Michael Madigan Suspends Bid For Another Term As Illinois House Speaker

Illinois Speaker of the House Michael Madigan, D-Chicago, at the Illinois State Capitol on Jan. 27, 2016.
Illinois Speaker of the House Michael Madigan, D-Chicago, at the Illinois State Capitol on Jan. 27, 2016. Seth Perlman / Associated Press
Illinois Speaker of the House Michael Madigan, D-Chicago, at the Illinois State Capitol on Jan. 27, 2016.
Illinois Speaker of the House Michael Madigan, D-Chicago, at the Illinois State Capitol on Jan. 27, 2016. Seth Perlman / Associated Press

Michael Madigan Suspends Bid For Another Term As Illinois House Speaker

Illinois House Speaker Michael Madigan, the granite-like political force powered by an ironfisted gavel and Sphinx-like demeanor, suspended his push for a record-setting 19th term after support for him withered under the weight of the ongoing Commonwealth Edison bribery investigation.

While the cloud of that criminal investigation continues to hang over Madigan, the greatest political crisis to confront the Southwest Side Democrat has left him facing the possibility of not being able to finish out a one-of-its-kind political career on his own terms and effectively being driven from power.

But Madigan’s final act is hardly clear despite a statement issued under his name Monday that left much of Springfield’s political establishment confused, which is consistent with the speaker’s manner of holding the gavel and keeping friends and foes guessing about his next move.

“This is not a withdrawal,” Madigan said in a statement. “I have suspended my campaign for speaker. As I have said many times in the past, I have always put the best interest of the House Democratic Caucus and our members first. The House Democratic Caucus can work to find someone, other than me, to get 60 votes for speaker.”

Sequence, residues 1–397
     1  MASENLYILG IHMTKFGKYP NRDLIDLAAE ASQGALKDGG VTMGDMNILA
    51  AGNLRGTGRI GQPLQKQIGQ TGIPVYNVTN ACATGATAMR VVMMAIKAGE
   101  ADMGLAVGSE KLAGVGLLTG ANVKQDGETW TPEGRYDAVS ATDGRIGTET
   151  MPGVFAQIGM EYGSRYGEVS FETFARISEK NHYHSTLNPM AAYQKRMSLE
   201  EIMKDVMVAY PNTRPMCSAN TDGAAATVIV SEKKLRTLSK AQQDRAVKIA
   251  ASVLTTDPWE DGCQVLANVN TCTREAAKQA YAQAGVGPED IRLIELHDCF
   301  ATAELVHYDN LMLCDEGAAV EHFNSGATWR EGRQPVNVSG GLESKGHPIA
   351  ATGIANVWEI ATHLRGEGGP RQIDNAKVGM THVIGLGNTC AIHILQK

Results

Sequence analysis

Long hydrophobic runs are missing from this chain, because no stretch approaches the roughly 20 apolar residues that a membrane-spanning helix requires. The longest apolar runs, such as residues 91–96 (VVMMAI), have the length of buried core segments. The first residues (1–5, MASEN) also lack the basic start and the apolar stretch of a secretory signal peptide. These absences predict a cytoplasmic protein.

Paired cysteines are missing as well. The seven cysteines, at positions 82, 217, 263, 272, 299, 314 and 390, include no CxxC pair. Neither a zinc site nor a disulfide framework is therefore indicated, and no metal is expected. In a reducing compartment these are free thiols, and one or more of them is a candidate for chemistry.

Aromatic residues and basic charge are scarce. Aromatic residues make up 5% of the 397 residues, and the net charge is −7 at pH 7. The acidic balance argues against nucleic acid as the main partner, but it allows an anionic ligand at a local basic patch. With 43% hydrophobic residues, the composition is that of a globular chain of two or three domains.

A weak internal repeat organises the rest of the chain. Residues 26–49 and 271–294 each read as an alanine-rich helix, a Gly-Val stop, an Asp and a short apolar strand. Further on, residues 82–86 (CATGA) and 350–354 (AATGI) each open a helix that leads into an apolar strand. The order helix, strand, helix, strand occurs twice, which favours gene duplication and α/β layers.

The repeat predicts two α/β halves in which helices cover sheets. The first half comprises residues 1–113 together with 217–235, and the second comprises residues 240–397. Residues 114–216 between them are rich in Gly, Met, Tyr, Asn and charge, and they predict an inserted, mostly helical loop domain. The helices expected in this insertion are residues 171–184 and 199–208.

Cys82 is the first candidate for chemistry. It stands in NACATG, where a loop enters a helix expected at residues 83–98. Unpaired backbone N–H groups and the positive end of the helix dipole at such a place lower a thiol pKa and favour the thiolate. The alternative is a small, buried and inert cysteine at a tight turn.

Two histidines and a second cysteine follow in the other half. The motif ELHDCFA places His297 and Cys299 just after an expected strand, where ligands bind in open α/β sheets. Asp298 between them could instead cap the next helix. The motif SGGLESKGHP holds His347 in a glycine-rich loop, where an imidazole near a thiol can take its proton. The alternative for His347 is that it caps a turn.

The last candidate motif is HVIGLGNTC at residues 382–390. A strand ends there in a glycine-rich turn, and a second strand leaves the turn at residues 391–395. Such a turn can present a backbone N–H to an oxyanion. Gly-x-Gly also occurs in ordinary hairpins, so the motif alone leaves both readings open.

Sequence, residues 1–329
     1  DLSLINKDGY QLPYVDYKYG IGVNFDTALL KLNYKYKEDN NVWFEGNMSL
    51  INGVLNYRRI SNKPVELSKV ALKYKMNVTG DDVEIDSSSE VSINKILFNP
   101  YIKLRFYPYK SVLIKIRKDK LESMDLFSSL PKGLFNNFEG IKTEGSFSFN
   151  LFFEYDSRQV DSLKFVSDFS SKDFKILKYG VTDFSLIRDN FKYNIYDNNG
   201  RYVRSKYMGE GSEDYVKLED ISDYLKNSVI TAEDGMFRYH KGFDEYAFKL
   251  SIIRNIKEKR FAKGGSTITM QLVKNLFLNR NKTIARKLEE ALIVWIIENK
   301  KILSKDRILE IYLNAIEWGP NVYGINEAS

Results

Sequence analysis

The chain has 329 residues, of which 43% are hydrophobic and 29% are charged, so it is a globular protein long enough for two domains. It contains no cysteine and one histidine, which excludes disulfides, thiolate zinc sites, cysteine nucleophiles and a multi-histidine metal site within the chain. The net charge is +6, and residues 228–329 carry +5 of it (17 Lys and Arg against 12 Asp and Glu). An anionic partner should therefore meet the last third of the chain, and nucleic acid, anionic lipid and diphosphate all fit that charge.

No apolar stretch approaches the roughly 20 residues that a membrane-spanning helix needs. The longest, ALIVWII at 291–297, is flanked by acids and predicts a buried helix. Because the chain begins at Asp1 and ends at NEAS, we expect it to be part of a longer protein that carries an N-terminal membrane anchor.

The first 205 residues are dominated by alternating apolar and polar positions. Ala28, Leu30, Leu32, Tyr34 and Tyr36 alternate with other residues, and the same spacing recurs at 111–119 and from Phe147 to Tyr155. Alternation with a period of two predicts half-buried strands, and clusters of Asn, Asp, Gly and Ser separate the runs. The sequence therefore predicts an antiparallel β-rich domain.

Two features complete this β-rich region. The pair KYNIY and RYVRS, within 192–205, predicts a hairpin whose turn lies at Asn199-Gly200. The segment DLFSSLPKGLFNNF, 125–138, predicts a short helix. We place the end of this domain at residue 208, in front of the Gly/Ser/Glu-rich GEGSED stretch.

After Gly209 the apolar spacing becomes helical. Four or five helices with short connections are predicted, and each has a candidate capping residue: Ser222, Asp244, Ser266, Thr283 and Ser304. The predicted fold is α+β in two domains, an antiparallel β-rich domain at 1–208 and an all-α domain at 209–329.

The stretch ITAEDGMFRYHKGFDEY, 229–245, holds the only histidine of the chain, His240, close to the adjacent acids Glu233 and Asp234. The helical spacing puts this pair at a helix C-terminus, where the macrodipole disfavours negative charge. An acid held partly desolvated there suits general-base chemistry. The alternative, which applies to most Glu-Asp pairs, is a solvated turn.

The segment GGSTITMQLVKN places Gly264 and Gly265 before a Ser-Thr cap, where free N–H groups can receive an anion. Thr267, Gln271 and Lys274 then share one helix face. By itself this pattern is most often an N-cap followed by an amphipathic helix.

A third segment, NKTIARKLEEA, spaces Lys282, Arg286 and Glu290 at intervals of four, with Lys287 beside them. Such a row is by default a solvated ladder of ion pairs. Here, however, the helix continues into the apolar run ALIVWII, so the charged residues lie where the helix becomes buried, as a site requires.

The very first line of his statement made clear his pursuit of another term as speaker is not necessarily over.

And what wasn’t said in the statement was that the 51 House Democrats who currently appear to be in his camp based on a Sunday test vote have freedom to choose someone else. If those 51 Madigan loyalists have to remain in the speaker’s tent, it’s mathematically impossible for anyone else to reach 60 votes within the 73-member House Democratic caucus.

The speaker also could be laying the groundwork to play the role of kingmaker, shifting his support to someone else and retaining some measure of influence. Currently, no one else holds a larger group of votes than Madigan.

The speaker’s GOP counterpart, House Minority Leader Jim Durkin, like many in Springfield, was perplexed at all of the possibilities and the real meaning behind the speaker’s latest maneuver ahead of Wednesday’s swearing-in of the new legislature.

“With 36 hours left before the swearing-in of a new General Assembly, Michael Madigan continues to create uncertainty and misdirection,” Durkin said. “His latest statement about suspending his bid for speaker, but not withdrawing, is typical of his style and appears to be another ploy or a head fake.

“For the sake of the institution, his caucus must demand that he be direct and honest about his intentions — in or out,” Durkin said.

Madigan’s move also was met with skepticism from within the group of 19 lawmakers that staked out early opposition to the speaker and blocked his reelection.

“Caution,” state Rep. Deb Conroy, D-Elmhurst, said when asked to assess the speaker’s statement. “Madigan is a master chess player, and this is a long game.”

Madigan’s short-term political fortunes suffered a devastating blow when House Democrats Sunday cast their first ballot for speaker and left a man often dubbed the most powerful politician in Illinois nine votes shy of locking up another term. He got 51 out of 73 votes, with Rep. Ann Williams, D-Chicago, getting 18 and Rep. Stephanie Kifowit, D-Oswego, getting three.

Madigan, 78, is the longest-serving speaker in any statehouse across the country or in Congress. First seated in the legislature in 1971 and elected House speaker in 1983, Madigan’s historic run in Springfield predated smartphones, the Internet and personal computers.

His career has spanned nine Illinois governors, nine Chicago mayors and eight presidents, and nearly half of the Illinois House’s members in December weren’t even born when Madigan first took office, according to state records.

Dave McKinney and Tony Arnold cover state politics for WBEZ. Follow them @davemckinney and @tonyjarnold.